Indian traders strike for $450 bln market
NEW DELHI - Reuters
A mannequin is seen inside a closed shop in the old quarters of New Delhi. AFP photoTens of thousands of small shopkeepers went on strike across India yesterday to protest a government decision to allow foreign retail giants to enter the country’s $450 billion retail market.
Global supermarket groups see a huge opportunity in India, Asia’s third-largest economy with a fast growing consumer class. For millions of shopkeepers, though, the prospect of competing with Walmart and other multinational retail brands is daunting.
“I only earn about 2,000 rupees ($39) a week and I have seven children to take care of,” said Rakesh Kumar, who owns a small curtain store in central Delhi. “If these foreigners waltz in here and take away whatever I earn, how will I get my little girls married in the future?”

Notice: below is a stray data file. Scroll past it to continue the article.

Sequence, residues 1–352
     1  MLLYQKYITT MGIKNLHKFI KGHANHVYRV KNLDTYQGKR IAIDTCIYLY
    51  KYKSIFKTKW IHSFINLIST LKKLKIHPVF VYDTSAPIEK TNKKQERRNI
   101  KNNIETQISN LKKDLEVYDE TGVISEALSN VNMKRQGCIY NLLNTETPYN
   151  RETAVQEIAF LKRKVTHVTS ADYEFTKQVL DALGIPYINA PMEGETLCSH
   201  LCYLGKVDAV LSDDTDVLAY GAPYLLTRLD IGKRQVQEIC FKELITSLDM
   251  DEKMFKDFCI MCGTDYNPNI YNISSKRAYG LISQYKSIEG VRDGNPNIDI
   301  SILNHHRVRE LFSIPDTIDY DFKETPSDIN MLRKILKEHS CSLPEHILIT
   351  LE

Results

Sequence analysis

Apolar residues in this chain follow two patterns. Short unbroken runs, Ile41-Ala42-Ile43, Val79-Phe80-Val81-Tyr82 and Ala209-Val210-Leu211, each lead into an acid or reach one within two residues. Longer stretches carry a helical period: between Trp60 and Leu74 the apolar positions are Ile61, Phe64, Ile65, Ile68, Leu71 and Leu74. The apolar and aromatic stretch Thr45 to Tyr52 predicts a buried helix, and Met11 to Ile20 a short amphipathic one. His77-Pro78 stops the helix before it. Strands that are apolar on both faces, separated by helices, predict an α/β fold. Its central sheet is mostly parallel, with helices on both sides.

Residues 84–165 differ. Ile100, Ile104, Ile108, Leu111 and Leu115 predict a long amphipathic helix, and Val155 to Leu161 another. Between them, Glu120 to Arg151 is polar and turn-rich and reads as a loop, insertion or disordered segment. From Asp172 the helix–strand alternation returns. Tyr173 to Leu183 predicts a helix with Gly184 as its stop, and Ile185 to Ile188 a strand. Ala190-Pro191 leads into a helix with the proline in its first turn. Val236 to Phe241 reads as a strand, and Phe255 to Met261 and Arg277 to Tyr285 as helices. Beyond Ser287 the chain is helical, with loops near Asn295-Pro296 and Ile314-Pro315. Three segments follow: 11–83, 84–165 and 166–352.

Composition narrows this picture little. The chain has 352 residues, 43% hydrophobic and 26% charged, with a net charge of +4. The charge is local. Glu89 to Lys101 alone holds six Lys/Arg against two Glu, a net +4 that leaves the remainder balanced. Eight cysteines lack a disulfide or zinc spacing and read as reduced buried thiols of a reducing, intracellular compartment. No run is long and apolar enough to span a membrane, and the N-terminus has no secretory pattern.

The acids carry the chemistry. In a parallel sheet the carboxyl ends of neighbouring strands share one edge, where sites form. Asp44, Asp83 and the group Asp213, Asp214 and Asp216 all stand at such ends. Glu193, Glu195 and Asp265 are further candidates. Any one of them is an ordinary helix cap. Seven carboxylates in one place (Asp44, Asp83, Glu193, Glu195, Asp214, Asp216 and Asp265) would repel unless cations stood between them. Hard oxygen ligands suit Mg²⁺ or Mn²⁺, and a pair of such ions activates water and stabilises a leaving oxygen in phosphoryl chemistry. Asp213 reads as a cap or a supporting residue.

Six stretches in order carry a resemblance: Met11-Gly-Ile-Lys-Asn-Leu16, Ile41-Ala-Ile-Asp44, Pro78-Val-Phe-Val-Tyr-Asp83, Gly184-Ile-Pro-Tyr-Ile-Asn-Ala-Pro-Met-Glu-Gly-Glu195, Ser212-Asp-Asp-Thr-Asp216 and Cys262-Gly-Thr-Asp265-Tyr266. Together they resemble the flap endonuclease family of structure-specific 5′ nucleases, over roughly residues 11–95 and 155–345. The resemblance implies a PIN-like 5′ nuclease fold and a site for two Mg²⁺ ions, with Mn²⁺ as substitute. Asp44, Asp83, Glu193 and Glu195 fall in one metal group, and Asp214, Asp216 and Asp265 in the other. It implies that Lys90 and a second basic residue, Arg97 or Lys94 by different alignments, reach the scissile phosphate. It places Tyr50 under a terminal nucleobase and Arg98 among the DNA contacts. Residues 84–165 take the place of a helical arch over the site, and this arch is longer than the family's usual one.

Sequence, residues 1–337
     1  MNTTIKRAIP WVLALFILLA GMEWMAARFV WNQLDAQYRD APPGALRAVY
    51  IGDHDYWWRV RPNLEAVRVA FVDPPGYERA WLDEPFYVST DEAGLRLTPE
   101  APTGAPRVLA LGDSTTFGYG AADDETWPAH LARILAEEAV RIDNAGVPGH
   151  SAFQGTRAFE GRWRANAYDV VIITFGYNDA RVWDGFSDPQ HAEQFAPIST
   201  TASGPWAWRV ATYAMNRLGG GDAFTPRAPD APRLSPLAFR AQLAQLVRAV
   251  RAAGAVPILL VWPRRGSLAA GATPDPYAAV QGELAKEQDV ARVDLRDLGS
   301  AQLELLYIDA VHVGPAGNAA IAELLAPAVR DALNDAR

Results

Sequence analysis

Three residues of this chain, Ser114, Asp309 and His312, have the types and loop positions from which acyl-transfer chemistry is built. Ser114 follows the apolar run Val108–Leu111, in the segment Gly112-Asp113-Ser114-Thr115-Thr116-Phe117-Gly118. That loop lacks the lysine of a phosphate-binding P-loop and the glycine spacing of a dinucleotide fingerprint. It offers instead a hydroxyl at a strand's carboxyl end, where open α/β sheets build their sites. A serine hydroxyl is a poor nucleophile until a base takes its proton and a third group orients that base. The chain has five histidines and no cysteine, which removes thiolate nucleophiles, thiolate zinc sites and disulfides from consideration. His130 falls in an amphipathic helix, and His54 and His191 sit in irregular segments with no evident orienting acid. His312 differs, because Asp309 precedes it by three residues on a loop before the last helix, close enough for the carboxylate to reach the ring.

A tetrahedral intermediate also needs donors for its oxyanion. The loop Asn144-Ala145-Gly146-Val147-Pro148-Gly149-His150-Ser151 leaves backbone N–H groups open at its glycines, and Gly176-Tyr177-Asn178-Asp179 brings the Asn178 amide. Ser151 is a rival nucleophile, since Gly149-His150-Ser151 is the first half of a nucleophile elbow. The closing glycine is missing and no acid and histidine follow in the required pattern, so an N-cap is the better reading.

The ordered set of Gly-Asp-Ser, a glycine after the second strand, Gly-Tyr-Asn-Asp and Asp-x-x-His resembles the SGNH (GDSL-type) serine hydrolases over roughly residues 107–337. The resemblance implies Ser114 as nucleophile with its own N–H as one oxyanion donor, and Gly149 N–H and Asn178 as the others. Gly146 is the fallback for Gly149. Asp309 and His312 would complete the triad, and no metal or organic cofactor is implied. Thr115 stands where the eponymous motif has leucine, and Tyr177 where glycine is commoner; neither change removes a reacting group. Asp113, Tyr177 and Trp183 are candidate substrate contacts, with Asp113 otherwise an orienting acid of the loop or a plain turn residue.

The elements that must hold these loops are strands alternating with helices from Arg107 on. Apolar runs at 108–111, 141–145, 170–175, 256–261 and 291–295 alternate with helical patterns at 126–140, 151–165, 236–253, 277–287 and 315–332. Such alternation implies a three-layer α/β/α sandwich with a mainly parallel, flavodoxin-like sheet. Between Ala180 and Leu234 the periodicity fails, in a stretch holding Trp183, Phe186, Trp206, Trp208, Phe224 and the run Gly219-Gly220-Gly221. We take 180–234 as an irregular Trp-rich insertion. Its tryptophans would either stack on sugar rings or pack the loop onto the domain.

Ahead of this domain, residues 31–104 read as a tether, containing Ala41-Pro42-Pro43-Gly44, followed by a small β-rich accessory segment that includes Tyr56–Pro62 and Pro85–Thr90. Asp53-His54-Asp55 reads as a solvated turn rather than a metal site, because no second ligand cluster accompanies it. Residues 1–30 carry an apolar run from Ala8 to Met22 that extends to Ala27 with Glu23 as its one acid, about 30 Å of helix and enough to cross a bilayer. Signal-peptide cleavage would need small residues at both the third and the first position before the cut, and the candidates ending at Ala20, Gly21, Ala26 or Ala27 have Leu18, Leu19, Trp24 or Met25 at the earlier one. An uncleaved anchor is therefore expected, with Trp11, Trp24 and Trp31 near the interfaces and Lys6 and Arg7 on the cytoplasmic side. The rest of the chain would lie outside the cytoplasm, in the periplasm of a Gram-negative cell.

The opposition Hindu nationalist Bharatiya Janata Party (BJP) and government coalition allies have stalled parliament this week to protest at what they say will be widespread job losses among millions of small traders.
One BJP politician last week threatened to burn down any store Walmart opens in Lucknow, the capital of Uttar Pradesh, India’s most populous state.
In a country of 1.2 billion people, the protests were patchy. In some BJP strongholds most small business were closed, while in ruling Congress party-dominated cities such as New Delhi the strike was partial.
Demonstrating traders in Delhi chanted “Rollback the FDI” and held placards reading “If you can’t provide us with jobs, don’t take away our current ones!”
The controversy has become a lightning rod for the opposition ahead of state elections next year that will pave the way for a general election in 2014.